GM Says GAZ Interested in Stake in Italian Engine Firm

General Motors on Friday said GAZ, the auto company owned by billionaire Oleg Deripaska, could become its partner in an Italian diesel engine manufacturer.

GAZ, the country's second-largest automaker, is in talks to buy 50 percent of VM Motori, GM spokesman Marc Kempe said in an interview. The stake is currently held by U.S.-based Penske Corp., headed by racecar team owner Roger Penske.

"These are exploratory talks at this point," Kempe said.

A joint venture GAZ, a unit of Russian Machines, would expand GM's ties with Russia, where it is trying to boost sales. It would also give Nizhny Novgorod-based GAZ and Deripaska more access to Western technology.

Igor Vagan, a spokesman for Russian Machines, and Ludvik Kosi, a spokesman for Penske, had no comment. Vedomosti on Friday reported the discussions, citing unidentified people familiar with the situation.

VM Motori makes diesel engines for commercial vehicles as well as for Chrysler and Hyundai light trucks.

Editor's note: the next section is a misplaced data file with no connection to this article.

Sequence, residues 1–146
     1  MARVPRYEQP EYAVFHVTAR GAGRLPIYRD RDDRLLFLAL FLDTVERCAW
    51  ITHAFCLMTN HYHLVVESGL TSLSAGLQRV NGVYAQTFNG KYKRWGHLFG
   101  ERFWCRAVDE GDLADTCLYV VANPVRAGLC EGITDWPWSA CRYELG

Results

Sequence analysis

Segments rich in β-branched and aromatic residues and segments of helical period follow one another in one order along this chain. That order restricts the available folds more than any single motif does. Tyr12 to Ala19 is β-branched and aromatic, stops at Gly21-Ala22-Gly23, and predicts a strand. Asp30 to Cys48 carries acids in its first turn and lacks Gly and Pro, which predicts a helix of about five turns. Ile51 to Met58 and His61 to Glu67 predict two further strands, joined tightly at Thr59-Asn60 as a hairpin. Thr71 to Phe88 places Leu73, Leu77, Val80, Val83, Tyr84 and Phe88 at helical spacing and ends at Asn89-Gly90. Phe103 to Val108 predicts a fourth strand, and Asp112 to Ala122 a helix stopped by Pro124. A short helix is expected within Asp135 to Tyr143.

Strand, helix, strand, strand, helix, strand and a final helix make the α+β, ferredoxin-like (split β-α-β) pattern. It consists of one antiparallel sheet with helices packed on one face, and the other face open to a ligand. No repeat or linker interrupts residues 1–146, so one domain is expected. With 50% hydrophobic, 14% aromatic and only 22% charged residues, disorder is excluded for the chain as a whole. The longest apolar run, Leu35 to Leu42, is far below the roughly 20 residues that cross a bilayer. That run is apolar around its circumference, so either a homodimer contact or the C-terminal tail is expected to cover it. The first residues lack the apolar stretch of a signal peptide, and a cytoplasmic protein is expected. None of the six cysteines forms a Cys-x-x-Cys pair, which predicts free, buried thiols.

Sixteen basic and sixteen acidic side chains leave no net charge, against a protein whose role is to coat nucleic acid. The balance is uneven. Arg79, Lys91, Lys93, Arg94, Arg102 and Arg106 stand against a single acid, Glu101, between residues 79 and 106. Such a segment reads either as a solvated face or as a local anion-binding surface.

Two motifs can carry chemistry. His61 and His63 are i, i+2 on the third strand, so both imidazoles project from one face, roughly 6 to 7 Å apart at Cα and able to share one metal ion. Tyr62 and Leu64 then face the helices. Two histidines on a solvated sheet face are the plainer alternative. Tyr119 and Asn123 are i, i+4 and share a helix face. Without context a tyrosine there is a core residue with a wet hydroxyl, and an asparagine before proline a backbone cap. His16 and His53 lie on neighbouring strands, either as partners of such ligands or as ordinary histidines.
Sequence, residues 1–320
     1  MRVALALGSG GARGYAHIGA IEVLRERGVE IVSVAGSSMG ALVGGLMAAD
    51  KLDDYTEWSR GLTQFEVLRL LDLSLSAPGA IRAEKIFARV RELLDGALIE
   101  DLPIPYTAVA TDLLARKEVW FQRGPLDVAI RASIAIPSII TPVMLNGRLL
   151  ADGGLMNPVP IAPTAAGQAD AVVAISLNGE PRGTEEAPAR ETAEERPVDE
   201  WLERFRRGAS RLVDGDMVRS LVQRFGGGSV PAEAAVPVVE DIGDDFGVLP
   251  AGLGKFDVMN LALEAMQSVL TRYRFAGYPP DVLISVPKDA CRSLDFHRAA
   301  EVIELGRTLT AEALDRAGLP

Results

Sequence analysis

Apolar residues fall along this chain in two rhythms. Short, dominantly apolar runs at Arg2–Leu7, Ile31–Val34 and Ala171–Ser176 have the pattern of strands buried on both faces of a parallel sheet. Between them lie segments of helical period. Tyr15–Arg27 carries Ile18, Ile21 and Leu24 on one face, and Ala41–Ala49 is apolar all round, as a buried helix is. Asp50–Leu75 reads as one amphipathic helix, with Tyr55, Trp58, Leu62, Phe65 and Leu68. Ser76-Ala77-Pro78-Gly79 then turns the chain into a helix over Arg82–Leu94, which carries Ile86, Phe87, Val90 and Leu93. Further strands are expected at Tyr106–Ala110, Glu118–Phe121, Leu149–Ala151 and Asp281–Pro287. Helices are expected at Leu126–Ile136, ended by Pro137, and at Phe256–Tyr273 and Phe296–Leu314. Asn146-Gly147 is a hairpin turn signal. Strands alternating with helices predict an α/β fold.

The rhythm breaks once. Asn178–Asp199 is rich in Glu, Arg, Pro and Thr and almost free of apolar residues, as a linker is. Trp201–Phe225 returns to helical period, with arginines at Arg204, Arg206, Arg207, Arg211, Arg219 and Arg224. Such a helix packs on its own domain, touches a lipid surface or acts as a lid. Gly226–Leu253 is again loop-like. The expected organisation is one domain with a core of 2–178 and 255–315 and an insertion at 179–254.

Russians spent a record $53.4 billion on cars last year, an increase of 67 percent, according to a Jan. 22 report by PricewaterhouseCoopers.

GM is spending $300 million to build a factory near St. Petersburg to assemble Chevrolet-brand Captiva sport-utility vehicles. The plant will be able to produce 75,000 per year.

The company wants to boost its share of the Russian market to 15 percent within five years from about 10 percent now, Jacek Gorsky, general director of GM's CIS division, said in January.

Russian sales may rise 16 percent this year to more than 300,000, including 130,000 Chevrolet Niva SUVs and Viva sedans from its venture with AvtoVAZ, Gorsky said.

Basic Element, Deripaska's holding company, spans a business empire that includes aluminum, mining, construction, aviation, insurance and media.

Deripaska bought GAZ in 2000. In May 2007 he paid $1.54 billion for 20 million Class A shares in Magna International, North America's largest auto-parts supplier. The deal also gave him the right to name six of 14 seats on Magna's new board.